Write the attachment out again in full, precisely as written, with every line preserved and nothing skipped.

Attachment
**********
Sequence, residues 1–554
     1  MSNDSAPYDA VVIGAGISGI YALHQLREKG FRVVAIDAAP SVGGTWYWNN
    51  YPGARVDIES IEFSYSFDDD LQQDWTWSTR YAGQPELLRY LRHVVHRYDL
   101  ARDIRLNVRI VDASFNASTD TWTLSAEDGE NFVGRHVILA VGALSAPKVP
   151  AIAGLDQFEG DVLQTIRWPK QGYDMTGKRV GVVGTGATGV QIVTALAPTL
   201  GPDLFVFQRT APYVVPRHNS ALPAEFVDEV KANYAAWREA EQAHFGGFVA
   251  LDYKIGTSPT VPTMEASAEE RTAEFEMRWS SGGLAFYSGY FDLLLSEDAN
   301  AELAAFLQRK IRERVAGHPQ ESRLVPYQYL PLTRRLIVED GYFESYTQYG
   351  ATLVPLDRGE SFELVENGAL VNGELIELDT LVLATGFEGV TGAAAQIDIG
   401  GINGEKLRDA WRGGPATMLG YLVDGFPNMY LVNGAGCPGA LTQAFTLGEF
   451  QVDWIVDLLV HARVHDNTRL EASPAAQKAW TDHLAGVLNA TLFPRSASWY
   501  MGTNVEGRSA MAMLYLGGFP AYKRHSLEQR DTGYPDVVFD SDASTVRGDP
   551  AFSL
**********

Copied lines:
Sequence, residues 1–554
     1  MSNDSAPYDA VVIGAGISGI YALHQLREKG FRVVAIDAAP SVGGTWYWNN
    51  YPGARVDIES IEFSYSFDDD LQQDWTWSTR YAGQPELLRY LRHVVHRYDL
   101  ARDIRLNVRI VDASFNASTD TWTLSAEDGE NFVGRHVILA VGALSAPKVP
   151  AIAGLDQFEG DVLQTIRWPK QGYDMTGKRV GVVGTGATGV QIVTALAPTL
   201  GPDLFVFQRT APYVVPRHNS ALPAEFVDEV KANYAAWREA EQAHFGGFVA
   251  LDYKIGTSPT VPTMEASAEE RTAEFEMRWS SGGLAFYSGY FDLLLSEDAN
   301  AELAAFLQRK IRERVAGHPQ ESRLVPYQYL PLTRRLIVED GYFESYTQYG
   351  ATLVPLDRGE SFELVENGAL VNGELIELDT LVLATGFEGV TGAAAQIDIG
   401  GINGEKLRDA WRGGPATMLG YLVDGFPNMY LVNGAGCPGA LTQAFTLGEF
   451  QVDWIVDLLV HARVHDNTRL EASPAAQKAW TDHLAGVLNA TLFPRSASWY
   501  MGTNVEGRSA MAMLYLGGFP AYKRHSLEQR DTGYPDVVFD SDASTVRGDP
   551  AFSL